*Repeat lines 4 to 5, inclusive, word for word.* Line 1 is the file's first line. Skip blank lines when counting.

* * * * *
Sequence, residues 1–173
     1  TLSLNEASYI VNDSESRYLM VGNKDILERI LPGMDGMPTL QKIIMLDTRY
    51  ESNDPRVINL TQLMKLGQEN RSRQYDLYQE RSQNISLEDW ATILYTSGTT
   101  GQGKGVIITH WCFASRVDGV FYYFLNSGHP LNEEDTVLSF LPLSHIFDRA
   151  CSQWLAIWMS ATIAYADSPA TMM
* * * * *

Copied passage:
   101  GQGKGVIITH WCFASRVDGV FYYFLNSGHP LNEEDTVLSF LPLSHIFDRA
   151  CSQWLAIWMS ATIAYADSPA TMM